Darts and kites in the sky of mathematics
A 16 minutes animation on the celebrated Penrose
Alessandro Musesti (
Maurizio Paolini (
Although it might look strange, mathematics also studies the placement of
tiles on a floor! If the floor is an infinite plane, we have a tiling of the plane.
A tiling is a way to cover the plane using nonoverlapping
copies from a small set of geometric shapes.
In a periodic tessellation there is a region that repeats
itself by translations.
Mathematicians discovered that there are exactly 17 different kinds
of periodic tessellations (the well known tessellations that cover the
Alhambra walls in Granada contain examples of each of the existing 17
On the contrary the Penrose tessellation is a nonperiodic way
to fill the plane, therefore there is no region that continually
In a sense one could say that the Penrose tessellation is very varied,
never repeating itself.
To construct it, we use two forms: darts (dark colored tiles)
and kites (light colored tiles).
The fascinating thing is that the Penrose tessellation is not only
non-periodic, but there is no way to place the tiles in a periodic
way: like the pieces of a jigsaw puzzle, the way to fit darts and
kites invariably leads to a non-periodic tessellation of the plane.
This short movie (16 minutes long) explains the construction
of the Penrose tessellation and shows some of its properties.
Content of the dvd...
It is a DVD-VIDEO, then you can play it with any DVD player;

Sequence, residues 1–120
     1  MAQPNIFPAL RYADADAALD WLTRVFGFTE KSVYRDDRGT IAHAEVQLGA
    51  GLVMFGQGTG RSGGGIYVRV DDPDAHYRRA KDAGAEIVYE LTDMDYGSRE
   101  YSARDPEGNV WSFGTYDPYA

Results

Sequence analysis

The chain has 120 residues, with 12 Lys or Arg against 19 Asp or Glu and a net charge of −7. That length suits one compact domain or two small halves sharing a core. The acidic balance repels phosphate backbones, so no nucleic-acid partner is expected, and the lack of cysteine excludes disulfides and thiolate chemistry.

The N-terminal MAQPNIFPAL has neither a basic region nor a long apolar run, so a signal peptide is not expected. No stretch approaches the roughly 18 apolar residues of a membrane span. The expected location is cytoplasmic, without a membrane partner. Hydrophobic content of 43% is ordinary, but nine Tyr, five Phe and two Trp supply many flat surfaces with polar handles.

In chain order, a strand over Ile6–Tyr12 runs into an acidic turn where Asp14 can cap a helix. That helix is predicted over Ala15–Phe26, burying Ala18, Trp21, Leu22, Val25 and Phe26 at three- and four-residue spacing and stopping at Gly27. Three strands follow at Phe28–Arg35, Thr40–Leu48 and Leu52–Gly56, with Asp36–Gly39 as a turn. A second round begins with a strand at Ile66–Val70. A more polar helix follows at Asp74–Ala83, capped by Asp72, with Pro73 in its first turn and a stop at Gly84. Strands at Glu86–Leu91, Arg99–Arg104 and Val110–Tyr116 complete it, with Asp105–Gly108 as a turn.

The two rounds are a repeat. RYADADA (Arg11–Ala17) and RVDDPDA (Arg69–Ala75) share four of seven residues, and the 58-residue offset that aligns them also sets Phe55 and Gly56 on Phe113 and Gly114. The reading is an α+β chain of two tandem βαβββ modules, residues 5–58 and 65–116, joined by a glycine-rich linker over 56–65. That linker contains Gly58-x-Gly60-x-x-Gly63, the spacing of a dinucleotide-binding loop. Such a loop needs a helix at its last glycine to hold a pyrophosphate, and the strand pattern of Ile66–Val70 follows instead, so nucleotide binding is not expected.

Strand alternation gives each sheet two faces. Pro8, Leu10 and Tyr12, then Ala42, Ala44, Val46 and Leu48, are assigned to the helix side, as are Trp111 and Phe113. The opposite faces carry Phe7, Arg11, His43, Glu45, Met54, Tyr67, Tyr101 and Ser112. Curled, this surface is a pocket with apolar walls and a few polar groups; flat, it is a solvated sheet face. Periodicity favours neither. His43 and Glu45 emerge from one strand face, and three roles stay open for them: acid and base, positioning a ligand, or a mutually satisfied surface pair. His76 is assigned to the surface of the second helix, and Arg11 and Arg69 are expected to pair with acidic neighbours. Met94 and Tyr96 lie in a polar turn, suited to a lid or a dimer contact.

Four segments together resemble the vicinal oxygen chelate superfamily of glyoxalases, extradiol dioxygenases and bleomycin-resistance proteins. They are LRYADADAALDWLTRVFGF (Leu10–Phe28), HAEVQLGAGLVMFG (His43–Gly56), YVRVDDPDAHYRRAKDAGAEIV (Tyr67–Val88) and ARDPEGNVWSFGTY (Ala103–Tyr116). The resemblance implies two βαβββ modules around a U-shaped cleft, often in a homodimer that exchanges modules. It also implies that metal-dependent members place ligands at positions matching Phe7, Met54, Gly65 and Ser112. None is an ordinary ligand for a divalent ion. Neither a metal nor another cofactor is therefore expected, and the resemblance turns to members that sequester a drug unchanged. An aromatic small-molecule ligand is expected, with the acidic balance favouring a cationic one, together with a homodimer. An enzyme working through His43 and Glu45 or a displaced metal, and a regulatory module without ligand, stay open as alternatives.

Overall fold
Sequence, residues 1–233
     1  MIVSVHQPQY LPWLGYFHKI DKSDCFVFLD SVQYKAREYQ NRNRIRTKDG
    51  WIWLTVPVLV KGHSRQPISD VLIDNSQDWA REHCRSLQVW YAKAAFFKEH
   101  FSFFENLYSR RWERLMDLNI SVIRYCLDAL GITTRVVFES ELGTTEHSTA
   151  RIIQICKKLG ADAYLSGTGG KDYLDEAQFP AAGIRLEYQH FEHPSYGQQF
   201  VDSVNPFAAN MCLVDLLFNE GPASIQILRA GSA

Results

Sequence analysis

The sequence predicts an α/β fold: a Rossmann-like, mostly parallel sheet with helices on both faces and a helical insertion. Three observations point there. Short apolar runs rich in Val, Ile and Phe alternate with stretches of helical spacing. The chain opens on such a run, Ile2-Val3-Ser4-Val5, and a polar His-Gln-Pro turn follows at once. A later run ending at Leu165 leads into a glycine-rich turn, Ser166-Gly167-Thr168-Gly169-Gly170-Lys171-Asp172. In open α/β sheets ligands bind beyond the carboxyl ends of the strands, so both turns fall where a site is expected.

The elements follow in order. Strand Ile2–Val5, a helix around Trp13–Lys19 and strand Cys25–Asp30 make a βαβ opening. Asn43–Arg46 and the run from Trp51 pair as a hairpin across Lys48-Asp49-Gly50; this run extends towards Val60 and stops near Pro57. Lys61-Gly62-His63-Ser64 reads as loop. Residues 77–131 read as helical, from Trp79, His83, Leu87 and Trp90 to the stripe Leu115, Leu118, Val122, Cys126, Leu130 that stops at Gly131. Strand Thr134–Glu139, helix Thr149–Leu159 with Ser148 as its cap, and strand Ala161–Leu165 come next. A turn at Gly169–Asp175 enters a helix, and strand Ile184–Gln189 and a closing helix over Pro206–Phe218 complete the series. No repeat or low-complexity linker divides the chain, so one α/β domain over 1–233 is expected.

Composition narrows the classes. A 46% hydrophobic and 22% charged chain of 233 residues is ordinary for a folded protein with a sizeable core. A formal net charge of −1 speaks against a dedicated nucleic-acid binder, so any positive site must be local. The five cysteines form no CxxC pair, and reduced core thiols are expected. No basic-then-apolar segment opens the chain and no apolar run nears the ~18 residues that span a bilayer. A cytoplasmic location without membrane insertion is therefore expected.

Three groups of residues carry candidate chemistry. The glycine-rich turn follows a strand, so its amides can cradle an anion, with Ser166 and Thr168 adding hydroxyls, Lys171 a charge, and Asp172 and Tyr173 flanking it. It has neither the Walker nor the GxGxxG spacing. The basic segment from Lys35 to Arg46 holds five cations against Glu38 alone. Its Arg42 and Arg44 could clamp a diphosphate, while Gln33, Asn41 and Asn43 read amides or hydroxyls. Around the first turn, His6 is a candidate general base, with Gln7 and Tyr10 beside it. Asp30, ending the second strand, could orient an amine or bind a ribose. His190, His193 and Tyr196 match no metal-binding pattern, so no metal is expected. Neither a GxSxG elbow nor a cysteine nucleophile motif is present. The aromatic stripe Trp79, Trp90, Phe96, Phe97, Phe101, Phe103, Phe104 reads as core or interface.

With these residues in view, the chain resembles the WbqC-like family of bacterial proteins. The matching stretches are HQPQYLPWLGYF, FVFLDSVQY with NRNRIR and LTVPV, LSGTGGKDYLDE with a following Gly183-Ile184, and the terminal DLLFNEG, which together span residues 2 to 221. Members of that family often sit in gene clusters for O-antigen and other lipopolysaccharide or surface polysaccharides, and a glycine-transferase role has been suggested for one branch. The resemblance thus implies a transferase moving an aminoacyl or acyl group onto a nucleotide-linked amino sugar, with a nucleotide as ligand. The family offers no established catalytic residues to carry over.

in the menu you can choose the language (there are three choices at the moment)
and show some quick informations.
EXTRA of the DVD, which can be viewed on a PC,
contains the movie in a higher resolution and some additional material.
A few comments on the soundtrack
The Variations on a Rococo Theme, by Tchaikovsky, were chosen as soundtrack in the early versions of the animation.
The result was good, but there was a nasty problem related to the copyright (of the performance).
It is a shame that many artistic products cannot be used by others,
only because the copyright holders are unavailable.
Fortunately, nowadays many authors choose to make their works available without restrictions.
The website www.jamendo.com has a huge collection
of free music (usually published under Creative Commons license, the same of this DVD).
On that website we found the Ambient Symphony album
from which we took the songs for the current soundtrack.
What can you do with DVD?
Everything you want! Indeed, the license we have chosen for this work
is the Creative Commons. It allows people to share, study and adapt
the work, provided that they respect the original attribution
and that they use it for non-commercial purposes.
Sharing is not only allowed, it is encouraged.
Maurizio Paolini and Alessandro Musesti teach Mathematics at the
Department of Mathematics and Physics
Niccolò Tartaglia at the Catholic University of the Sacred Heartk
in Brescia, Italy.
You can contact them by email: